After two years of planning, applying and waiting, Humboldt’s town square bandstand is now on the National Register of Historical Places.
The Downtown Action Team was notified this week of the Jan. 8 listing. Larry Tucker, Humboldt city administrator, said he is pleased with the end result.
“It’s a center point in our town,” he said. “Hopefully, it will bring lots of people to the area.”
Two summers ago the team contacted the Kansas Historical Society and told them about the park and bandstand. Two women from the society came down and examined the area. The bandstand, which was built in the early 1900s, was a good candidate for the list. The team was told the entire park qualified. Because the property belongs to the city, the team addressed the council.
“The council had concerns that if the park was included we wouldn’t be able to add anything to the park,” Tucker said.
Once a place is listed on the Register any improvements must be approved by them. So the team went ahead and submitted only the bandstand as a potential qualifier.
The DAT made improvements to the bandstand. It raised $10,000 in materials to make cosmetic changes to the flooring, ceilings and new lighting.
“B & W and Monarch helped a lot with the material and labor,” Tucker said. “We found out that the pillars were about to fall in and B & W helped fix that.”
Tucker said with the new improvements the team hopes the bandstand will last another 50 years.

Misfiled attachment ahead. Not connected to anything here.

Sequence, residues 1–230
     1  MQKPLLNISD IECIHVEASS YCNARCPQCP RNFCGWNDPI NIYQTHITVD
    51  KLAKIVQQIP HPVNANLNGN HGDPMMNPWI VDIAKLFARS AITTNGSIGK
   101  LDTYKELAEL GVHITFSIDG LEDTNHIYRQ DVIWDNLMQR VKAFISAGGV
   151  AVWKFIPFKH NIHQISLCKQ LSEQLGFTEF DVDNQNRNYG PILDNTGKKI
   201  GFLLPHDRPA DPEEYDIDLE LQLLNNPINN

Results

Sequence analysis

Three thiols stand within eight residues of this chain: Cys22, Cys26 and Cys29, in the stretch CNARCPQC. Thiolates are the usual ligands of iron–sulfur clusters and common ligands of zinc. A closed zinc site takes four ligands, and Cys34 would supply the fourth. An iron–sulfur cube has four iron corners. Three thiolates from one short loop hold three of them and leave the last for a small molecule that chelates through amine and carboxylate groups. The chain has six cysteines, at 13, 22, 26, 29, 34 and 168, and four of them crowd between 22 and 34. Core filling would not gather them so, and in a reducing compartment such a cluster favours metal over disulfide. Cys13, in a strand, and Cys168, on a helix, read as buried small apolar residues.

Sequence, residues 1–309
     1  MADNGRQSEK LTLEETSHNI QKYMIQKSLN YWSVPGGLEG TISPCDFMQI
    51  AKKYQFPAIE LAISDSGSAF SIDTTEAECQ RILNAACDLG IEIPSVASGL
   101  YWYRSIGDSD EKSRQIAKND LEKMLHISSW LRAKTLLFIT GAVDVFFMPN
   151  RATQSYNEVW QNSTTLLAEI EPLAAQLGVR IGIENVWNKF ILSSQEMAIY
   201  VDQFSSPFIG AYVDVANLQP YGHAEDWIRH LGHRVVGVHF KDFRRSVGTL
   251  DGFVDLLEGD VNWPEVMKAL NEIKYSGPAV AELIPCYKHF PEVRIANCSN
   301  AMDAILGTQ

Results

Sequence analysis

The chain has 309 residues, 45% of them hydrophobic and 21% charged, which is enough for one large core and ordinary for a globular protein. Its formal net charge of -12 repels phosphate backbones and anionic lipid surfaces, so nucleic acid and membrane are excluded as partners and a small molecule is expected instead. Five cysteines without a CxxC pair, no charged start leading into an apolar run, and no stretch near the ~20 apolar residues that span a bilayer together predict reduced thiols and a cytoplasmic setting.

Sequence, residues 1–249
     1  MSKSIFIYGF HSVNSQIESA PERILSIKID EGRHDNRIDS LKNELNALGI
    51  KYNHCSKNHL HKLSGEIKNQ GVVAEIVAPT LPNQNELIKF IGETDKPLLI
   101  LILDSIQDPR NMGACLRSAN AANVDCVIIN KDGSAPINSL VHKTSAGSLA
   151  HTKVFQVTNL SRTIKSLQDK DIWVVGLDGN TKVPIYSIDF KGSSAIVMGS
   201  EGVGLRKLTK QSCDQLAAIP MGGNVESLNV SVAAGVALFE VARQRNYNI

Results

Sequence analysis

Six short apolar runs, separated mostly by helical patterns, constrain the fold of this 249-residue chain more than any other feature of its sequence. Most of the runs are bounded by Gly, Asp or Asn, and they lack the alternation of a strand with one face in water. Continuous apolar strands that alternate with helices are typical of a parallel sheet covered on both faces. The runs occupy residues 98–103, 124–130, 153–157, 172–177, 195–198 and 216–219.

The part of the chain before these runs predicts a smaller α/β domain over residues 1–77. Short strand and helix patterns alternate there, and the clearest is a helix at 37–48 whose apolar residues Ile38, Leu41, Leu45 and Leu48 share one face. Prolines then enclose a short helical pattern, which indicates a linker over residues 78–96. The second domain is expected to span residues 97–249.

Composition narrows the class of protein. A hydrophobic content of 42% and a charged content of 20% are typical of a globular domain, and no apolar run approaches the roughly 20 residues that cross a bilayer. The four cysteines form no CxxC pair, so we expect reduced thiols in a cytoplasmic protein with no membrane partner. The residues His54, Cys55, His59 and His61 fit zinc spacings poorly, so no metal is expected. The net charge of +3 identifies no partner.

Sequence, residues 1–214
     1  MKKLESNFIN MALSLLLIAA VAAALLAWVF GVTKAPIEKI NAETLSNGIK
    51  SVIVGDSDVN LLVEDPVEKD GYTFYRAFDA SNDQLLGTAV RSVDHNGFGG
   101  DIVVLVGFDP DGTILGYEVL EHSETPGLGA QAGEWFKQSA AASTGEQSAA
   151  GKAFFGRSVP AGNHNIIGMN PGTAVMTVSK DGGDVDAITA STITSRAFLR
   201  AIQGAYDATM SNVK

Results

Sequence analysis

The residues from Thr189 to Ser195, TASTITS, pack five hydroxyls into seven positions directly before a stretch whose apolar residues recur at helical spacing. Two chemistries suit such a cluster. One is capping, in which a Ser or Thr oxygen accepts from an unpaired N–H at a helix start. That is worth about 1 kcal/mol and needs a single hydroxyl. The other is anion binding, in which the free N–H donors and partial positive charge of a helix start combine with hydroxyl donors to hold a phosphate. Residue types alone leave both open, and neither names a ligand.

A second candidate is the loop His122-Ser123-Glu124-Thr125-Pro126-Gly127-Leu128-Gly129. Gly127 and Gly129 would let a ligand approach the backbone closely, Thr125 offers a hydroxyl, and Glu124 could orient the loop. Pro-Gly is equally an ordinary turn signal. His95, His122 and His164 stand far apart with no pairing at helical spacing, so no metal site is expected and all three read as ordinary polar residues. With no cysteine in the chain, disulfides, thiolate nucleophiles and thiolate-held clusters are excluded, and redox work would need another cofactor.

“This is really a community project,” he said. “Hopefully people can feel proud.”
The Humboldt High School Band will have a spring concert on the stand and other entertainment will play on the structure in the future.
THE STAND is just the beginning for Humboldt. The DAT is working toward having a historic business district. There will be a survey done this summer to examine buildings around the square and in the city. Tucker said the properties that qualify will be available for tax credit funding or grant fundings.
Before, a Kansas law made it difficult to have buildings qualify. Tucker credited Sen. Caryn Tyson and the late Ed Bideau to have the law removed.
“This helps build and upgrade historical structures in small communities,” Tucker said.
There are about 30 properties that will be included in the survey this summer.
Tucker said the city is hoping to include more of Humboldt on the National Register list. A cabin and shelter in Hunter Park southwest of town are also candidates.
“The cabin is close to 100 years old,” he said. “It would accomplish the same thing. Bring people to the community and take advantage of the park.”